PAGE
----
“The other side of the coin is, do you really want to know what someone did to your loved ones?” she said. “To hear the gruesome details might not be something you want to do.”

The apartment building on Pearl Street looks about the same, just as Etan’s building does, not very far away.

Comment by Brenda on May 28, 2012 at 11:14pm

Missing Couple’s Legacy: Shards of Hope
Published: May 28, 2012

In 1979, Laurie Sylvia’s daughter, Camden, was graduating from high school, a summer — an entire future — ahead of her. Her mother looked at the smiling boy’s face on the milk carton and thanked the heavens that her daughter was not a vulnerable 6-year-old anymore. She was safe.

Michael Nagle for The New York Times
Michael Sullivan and Camden Sylvia lived in a loft at 76 Pearl Street in Lower Manhattan. They argued with their landlord before they disappeared.
Thirty-three years later, with the boy’s face back in the news with an arrest in his case, Ms. Sylvia is reminded how wrong she was.

Camden Sylvia grew up and left her mother’s home in Hyannis Port, Mass., to move to New York City. She worked at a real estate office and lived with her boyfriend, Michael Sullivan, in a $300-a-month rent-stabilized loft at 76 Pearl Street near Manhattan’s lower tip. He was an actor who worked at an art gallery.

The couple argued with their landlord, Robert Rodriguez, about the lack of heat. It was an unusually cold November in 1997. They threatened to hold a rent strike.

The couple went out for a run one night, Nov. 7. And like Etan Patz that morning in SoHo, they disappeared.

After several days, Ms. Sylvia arrived at her daughter’s apartment, but she had no key; a neighbor let her in. They found wallets and passports in the loft, and a movie one of them had just rented, “Addicted to Love.” But no running shoes, and just one set of keys.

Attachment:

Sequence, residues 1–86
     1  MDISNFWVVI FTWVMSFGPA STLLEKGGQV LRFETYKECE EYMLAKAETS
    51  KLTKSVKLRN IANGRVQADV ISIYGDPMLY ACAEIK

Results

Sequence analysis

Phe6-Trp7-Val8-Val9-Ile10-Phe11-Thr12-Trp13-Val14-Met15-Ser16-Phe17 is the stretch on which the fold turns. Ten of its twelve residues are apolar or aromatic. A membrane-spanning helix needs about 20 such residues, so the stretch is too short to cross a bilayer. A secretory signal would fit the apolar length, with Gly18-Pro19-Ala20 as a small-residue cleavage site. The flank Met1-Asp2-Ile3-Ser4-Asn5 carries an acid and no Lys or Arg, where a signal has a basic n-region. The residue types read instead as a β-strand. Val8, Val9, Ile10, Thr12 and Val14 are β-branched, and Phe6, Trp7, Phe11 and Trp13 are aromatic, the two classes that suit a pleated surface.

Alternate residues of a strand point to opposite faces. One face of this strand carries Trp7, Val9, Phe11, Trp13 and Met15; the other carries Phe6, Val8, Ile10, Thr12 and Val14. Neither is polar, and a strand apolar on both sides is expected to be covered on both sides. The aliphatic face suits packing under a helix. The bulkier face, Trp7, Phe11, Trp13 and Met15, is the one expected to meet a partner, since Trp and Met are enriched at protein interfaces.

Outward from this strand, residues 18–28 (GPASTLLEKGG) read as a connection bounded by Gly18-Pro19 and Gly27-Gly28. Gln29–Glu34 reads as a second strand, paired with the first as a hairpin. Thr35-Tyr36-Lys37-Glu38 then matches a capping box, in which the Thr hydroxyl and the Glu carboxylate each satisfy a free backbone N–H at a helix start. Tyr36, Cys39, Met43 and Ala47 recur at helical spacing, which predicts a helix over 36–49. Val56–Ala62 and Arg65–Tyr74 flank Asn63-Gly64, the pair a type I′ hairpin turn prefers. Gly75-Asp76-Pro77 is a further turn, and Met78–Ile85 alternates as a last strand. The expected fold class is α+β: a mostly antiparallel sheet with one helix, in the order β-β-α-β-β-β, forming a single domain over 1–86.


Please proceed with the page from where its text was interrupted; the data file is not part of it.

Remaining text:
“She wouldn’t rent a movie and then just leave,” her mother said a few days later. “She’s a very predictable, conscientious person. For her to just leave without telling anyone is totally out of character.”

Ms. Sylvia called the police. Investigators called Mr. Rodriguez, the landlord, who was cooperative over the telephone from his home in Orange County, N.Y., but as the days dragged on, he himself disappeared. His family refused to allow officers onto his property, so the police searched with helicopters. They found nothing.

Con't next post ***

Comment by Brenda on May 5, 2012 at 8:41pm

A downtown couple runs an errand—and vanishes
The last time anyone saw Camden Sylvia and her boyfriend, Michael Sullivan (left), the couple was returning a video to a rental store near City Hall.

It was the evening of November 7, 1997. After that, they pretty much vanished into thin air.

Sylvia, 36, and Sullivan, 54, both artists, shared a loft in a shabby 1840s fifth-floor walk-up at 76 Pearl Street for years.

Neighbors suspected their disappearance may have had to do with the fact that earlier in the day, Sylvia gave the building’s owner, Richard Rodriguez, a letter stating that unless he turned up the heat, tenants were going on a rent strike.

Rodriguez and the couple were embroiled in an ongoing battle over building conditions and rent, which was stabilized at $300 a month.

Police focused on Rodriguez. They searched the Hudson River, and they brought scent-sniffing dogs to his property upstate. But there was nothing to link him to their disappearance.

Rodriguez served a few years in state prison for tax evasion. But he was paroled in 2002, and though Sylvia and Sullivan are long presumed dead, no trace of them has ever been found.

Comment by Brenda on September 21, 2011 at 11:09am